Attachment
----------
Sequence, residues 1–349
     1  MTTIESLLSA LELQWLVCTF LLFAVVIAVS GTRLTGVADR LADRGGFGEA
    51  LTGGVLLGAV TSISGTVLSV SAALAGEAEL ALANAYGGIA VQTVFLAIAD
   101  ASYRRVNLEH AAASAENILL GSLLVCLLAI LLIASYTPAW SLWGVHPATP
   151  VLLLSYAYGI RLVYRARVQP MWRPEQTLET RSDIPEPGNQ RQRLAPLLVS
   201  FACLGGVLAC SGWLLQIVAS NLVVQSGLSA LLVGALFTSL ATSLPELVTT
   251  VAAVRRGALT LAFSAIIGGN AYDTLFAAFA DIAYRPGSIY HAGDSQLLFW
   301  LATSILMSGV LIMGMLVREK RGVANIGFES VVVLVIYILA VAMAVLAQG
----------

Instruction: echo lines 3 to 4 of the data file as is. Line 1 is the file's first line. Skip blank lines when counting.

    51  LTGGVLLGAV TSISGTVLSV SAALAGEAEL ALANAYGGIA VQTVFLAIAD
   101  ASYRRVNLEH AAASAENILL GSLLVCLLAI LLIASYTPAW SLWGVHPATP